All Weekend, Every Weekend. On C-SPAN3.

1972 U.S. Spy Satellite Retrieval

Hexagon Spy Satellite

Hexagon Spy Satellite

Raleigh, North Carolina
Saturday, December 1, 2012

David Waltrop of the CIA’s Historical Division talks about the retrieval of a U.S. spy satellite from the bottom of the Pacific Ocean. In 1972, the CIA and U.S. Navy gathered the remains of the Hexagon Spy Satellite, which contained images of Soviet missile sites and was considered highly important to American intelligence. The retrieval was classified up until August 2012. This event was part of the Raleigh Spy Conference.

Updated: Monday, December 3, 2012 at 11:16am (ET)

Related Events

Lectures in History: CIA & Regime Change in the Cold War
Saturday, November 17, 2012     

Colorado School of Mines professor Kenneth Osgood looks at the CIA and regime change in the Cold War. Professor Osgood discusses several examples of the CIA’s involvement in covert regime change operations, including coups in Guatemala in 1954 and in Chile in 1973.

Ernest Hemingway As A World War II Spy
Sunday, March 11, 2012     

Before he won the Pulitzer Prize for his writing, World War I veteran and author Ernest Hemingway served as a spy for the United States during the second World War. Recently, the International Spy Museum in Washington, DC hosted military and intelligence historian Nicholas Reynolds for a look at the larger than previously acknowledged impact of Hemingway's espionage during the war.

Supreme Court Justice Thurgood Marshall
Sunday     

Historians and law professors met at the University of Baltimore Law School to discuss Mick Caouette’s film “Mr. Civil Rights: Thurgood Marshall and the NAACP.” They explored Marshall’s early law career as well as his work in the South to expand voting rights for African Americans. We also hear about his arguments before the U.S. Supreme Court, and how he became the first African American appointed to the highest court in the land.  

The Presidency: John Quincy Adams
Sunday     

A conversation with author Fred Kaplan about his biography, “John Quincy Adams: American Visionary.” Although he was not remembered for being a great president, Fred Kaplan argues that John Quincy Adams was one of the most intellectual commanders in chief, and also the best Secretary of State in American history. The New-York Historical Society hosted this event. 

Herbert Hoover, Henry Wallace & Cold War America
Sunday     

American History TV traveled to the Library of Congress Kluge Center in Washington, DC, which was established in 2000 and endowed by philanthropist John W. Kluge. The center welcomes over 100 scholars every year to pursue their research interests at one of the world's largest libraries. We spoke with Vanderbilt University lecturer Kevin Kim about his upcoming book about Herbert Hoover and Henry Wallace, and their impact on America's Cold War policy.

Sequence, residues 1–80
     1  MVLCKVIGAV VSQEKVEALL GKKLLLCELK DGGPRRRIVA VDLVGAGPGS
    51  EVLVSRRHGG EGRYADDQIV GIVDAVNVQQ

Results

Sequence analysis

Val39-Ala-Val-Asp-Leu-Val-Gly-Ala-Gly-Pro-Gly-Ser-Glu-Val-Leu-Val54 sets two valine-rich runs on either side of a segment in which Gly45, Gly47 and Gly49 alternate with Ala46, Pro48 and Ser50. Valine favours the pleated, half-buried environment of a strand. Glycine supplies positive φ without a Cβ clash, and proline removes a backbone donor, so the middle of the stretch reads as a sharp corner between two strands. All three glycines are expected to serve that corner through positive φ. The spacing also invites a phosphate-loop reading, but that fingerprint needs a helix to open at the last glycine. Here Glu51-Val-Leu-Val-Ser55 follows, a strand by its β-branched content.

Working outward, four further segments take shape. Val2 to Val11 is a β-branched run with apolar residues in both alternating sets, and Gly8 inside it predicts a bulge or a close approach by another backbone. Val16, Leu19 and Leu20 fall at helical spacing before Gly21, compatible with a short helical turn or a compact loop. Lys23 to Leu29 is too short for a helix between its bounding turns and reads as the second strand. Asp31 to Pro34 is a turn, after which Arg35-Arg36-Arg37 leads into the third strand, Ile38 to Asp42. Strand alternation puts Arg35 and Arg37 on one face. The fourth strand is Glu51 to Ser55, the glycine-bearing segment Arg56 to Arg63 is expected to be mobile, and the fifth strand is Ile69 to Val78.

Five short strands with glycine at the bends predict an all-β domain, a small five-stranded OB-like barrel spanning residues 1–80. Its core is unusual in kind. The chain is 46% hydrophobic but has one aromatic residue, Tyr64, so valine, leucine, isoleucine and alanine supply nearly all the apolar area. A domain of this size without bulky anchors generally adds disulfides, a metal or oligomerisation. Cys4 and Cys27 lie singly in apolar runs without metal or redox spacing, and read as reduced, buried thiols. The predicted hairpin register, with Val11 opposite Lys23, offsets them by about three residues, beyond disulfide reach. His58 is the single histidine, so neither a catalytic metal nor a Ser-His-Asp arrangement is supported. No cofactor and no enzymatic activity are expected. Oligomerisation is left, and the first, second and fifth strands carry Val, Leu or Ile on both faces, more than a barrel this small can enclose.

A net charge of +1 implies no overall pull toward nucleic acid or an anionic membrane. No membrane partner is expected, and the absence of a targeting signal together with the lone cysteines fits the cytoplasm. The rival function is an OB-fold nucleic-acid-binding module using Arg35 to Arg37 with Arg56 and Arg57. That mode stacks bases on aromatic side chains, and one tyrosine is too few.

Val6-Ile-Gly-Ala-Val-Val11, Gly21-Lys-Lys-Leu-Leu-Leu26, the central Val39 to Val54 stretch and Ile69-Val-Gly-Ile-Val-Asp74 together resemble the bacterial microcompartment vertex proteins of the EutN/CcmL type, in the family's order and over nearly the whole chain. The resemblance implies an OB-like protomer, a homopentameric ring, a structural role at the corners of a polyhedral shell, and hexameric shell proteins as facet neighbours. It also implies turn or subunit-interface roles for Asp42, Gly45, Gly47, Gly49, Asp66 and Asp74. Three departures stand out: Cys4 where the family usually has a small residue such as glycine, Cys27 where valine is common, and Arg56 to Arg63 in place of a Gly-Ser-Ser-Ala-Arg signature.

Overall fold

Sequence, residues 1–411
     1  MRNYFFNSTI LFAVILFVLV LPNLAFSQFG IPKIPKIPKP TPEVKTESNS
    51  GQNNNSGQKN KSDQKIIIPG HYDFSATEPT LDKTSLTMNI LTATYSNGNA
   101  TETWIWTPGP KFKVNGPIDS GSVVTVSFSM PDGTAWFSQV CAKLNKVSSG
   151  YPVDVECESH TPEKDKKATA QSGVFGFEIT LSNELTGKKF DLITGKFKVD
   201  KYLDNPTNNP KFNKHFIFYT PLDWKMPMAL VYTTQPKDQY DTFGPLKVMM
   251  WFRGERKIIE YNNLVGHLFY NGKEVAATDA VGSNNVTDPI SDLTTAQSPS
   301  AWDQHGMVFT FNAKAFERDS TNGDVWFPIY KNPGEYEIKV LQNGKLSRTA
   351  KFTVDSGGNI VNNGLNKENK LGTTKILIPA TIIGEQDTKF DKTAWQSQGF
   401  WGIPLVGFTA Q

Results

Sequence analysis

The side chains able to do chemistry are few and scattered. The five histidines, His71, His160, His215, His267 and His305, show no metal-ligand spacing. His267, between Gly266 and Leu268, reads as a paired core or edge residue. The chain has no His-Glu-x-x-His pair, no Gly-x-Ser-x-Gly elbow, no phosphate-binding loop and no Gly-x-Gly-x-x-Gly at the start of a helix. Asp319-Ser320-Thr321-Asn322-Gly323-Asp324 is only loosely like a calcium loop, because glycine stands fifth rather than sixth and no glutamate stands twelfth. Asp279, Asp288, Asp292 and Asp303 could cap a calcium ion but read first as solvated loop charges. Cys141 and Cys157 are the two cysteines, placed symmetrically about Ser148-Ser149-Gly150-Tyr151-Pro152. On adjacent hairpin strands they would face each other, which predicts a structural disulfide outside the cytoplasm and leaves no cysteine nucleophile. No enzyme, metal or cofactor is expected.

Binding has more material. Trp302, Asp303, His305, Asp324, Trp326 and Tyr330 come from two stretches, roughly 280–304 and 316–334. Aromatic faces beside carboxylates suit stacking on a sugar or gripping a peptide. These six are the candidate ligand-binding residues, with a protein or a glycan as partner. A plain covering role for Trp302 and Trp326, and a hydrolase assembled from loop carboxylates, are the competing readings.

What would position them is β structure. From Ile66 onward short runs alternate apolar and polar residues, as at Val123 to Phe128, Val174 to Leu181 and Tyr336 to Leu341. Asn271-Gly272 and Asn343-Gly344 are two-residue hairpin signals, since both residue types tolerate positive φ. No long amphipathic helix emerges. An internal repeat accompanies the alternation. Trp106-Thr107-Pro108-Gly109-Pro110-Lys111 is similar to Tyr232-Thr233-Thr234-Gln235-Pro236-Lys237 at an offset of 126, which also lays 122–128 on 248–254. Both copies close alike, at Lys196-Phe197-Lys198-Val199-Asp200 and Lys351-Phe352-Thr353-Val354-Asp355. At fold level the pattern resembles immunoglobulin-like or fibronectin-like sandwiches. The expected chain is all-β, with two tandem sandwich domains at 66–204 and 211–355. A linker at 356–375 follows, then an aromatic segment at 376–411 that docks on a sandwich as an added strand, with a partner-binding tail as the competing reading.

Naval Warfare in the American Revolution
Sunday     

Historian Dennis Conrad of the Naval History and Heritage Command discusses how strategies used by colonial naval captains contributed to the success of the American Revolution. Mr. Conrad also describes how ships from the colonies – then called the Continental Navy-- fought not just in the Atlantic but also saw action as far away as the Mediterranean Sea and the Indian Ocean. This event was sponsored by the Society of Cincinnati and took place at the Anderson House in Washington D.C. 

American Artifacts: The National Garden
Sunday     

From the founding of the United States, George Washington encouraged the creation of a botanic garden in the nation’s capital that would inspire and educate citizens on plants and their uses. This vision was realized in 1820 when Congress created the U.S. Botanic Garden on the capitol grounds.  The most recent addition, the National Garden, features plants of the Mid-Atlantic, including a Rose Garden and Regional Garden.  Plant curator Bill McLaughlin explained the history and use of some of the country’s indigenous plants by Native Americans, colonials, and others.

History of U.S.-Native American Treaties
Sunday     

Law professor Robert Clinton discusses the history of treaties between Native Americans and non-native settlers at a symposium hosted by the National Museum of the American Indian.

Reel America: "Exercise Delawar" - 1964
Sunday     

A Persian word meaning courageous, “Delawar” was a U.S.-Iran joint armed forces combat readiness operation conducted when the nations were allies. This U.S. Army film is from “The Big Picture” television series.

Harry Truman's World War I Service
Sunday     

Author D.M. (Dennis) Giangreco talks about his book, “The Soldier from Independence: A Military History of Harry Truman.” He explores the story of Truman’s role as a field artillery battery commander in World War I. The Kansas City Public Library co-hosted this event with the Truman Library Institute and the National World War I Museum.

Share This Event Via Social Media
C-SPAN Radio